Big data? Let’s start with Smart Data.
Pro sports organizations feel they know their fans well, and then they conduct their own fan surveys and are frustrated by the lack of useful information. The results are usually broad brushstrokes of fans – general ratings and likes/dislikes. However, research done the right way creates a 1-to-1 view of specific Season Ticket Holders (STHs). Consider the following 3 profiles of specific fans (we changed their names below) that came out of a research project we conducted for a pro sports club:
- Fred Smith will definitely renew for next year. In fact, he’s considering adding seats and is likely to want to upgrade his seats. He’s a STH because he loves basketball and the perks associated with being a STH (particularly ticket exchange and the post-game shoot-arounds), but he’s dissatisfied with the direction of the team. He doesn’t know who to contact if he has ticket issues, and he doesn’t know the name of his account representative. Fred’s married, has a doctorate, and usually attends with a business associate or with his wife.
- Janie Watson is a brand new STH, in her first season with the club. Janie’s uncertain whether she’ll renew her tickets, and although she loves the events, she doesn’t like her seats. She’s 32 years old, single, and loves the relationship with her account representative. She prefers to be contacted via e-mail, and – even though Janie loves her account representative – what’s most important to her is the game itself, getting in/out of parking quickly, her seat location, and getting ticketing needs/issues resolved quickly.
- Bob Jefferson is somewhat unlikely to renew. He’s been a STH for 7 years, and he has the tickets for family entertainment. He’s become disillusioned the past few years because the ownership preaches family values, but several players and some of the game day staff don’t convey those values. Bob wants more opportunities for kids to interact with players, and he’s particularly dissatisfied with the relationship with his account representative, the attitudes of Security, and the game entertainment. Bob noted that he’d like to talk with someone about his issues with the team.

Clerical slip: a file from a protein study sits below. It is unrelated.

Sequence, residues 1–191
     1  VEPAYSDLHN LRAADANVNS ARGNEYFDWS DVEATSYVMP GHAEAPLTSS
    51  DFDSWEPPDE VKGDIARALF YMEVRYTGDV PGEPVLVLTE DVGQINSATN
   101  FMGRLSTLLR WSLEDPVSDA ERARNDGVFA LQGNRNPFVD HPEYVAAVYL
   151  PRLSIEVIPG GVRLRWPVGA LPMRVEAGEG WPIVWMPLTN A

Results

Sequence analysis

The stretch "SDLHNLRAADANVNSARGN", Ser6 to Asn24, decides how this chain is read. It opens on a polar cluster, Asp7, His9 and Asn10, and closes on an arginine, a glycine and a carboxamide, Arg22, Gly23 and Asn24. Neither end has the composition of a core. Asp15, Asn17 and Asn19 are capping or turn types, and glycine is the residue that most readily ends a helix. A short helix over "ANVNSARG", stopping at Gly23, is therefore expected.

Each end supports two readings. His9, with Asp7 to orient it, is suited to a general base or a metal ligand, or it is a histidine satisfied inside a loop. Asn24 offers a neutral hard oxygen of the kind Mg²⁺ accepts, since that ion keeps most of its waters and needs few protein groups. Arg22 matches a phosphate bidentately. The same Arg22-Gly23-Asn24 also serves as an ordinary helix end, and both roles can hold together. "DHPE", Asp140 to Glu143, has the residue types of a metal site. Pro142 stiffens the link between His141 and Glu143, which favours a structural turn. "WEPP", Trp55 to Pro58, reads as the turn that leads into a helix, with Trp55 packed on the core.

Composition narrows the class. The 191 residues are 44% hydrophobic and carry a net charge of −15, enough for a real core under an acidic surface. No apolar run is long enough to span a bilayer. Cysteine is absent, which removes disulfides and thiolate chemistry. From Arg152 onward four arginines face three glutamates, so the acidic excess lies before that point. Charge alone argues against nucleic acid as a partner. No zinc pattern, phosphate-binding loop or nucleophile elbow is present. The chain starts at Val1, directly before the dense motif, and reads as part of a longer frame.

What would you be able to do with this information for these 3 STHs? The answer should be obvious. You know who to contact about what; you know what SPECIFICS to discuss with each. You know HOW to contact them, and you know whether you’re in sales mode or service recovery/retention-mode.
When you look to do fan research, begin with the end in mind. Structure STH research to tell you the level of information you need to nurture and grow relationships – on a 1-to-1 basis.
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Many years ago I was consulting with a client in the financial services industry. This credit card provider would send out literally 2-4 million marketing pieces at a time with the hopes of getting a fraction – under 3% – to respond. The client would then initiate a sales process with that 1-3% and hope to close a certain percentage of those. While I was helping them on the operational aspect of one area charged with this process, I couldn’t help to be awed by the waste…and the fact that they were using generic marketing messages on existing customers.
A customer is not a prospect, but this client was treating them like one.
In the world that we prefer to work in today – that of customer service, the patient experience, season ticket holder retention, and account growth – you view retention and growth as 1-on-1. You view it as me (the employee) knowing you (the customer) so personally, so specifically that I know how you prefer that I communicate with you. I know whether you’re thinking of staying or leaving for a competitor. I know whether you’re likely to be a good candidate for cross-sell/upsell, and I know the best way to do that. I know whether it’s okay to ask for a referral. And when you form your opinion of my organization, I know what are those main opinion-drivers.
Being successful in the customer service, client experience, customer retention world requires that you never start thinking of a client as a prospect. Once you do that, you give up the competitive advantage of having a deeper, more personal relationship with that client.
Don’t turn your clients into prospects.
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Here’s a quick article on using data analytics for client retention (Analytics Boost Customer Retention for Ohio Mutual). Although I like the article because of its obvious retention-focus, some of the key nuggets relate to the metrics that Ohio Mutual utilizes including:
- Retention/renewal rates (historically 87%)
- Profitability of the renewal business (15%-20% higher than the profitability of new customers)
- Identifying premium increase opportunities (upwards of $175 annually for some clients).
Does your organization have similar metrics? If not, just take a minute to think of how your strategies and decisions would be different if you knew retention rates, profitability of renewal v. new customers, and specific dollar increase opportunities with existing clients.
If you can’t afford a SAS solution, we’ve worked with many organizations on analyzing retention rates, at-risk profiling, retention and growth strategies, client exit interviews, etc. without using some high-end system. It’s not about the system. It’s about you, your customer, and the methodology to uncover retention opportunities and act on them.
Know your numbers to better target and achieve retention and growth with current customers.
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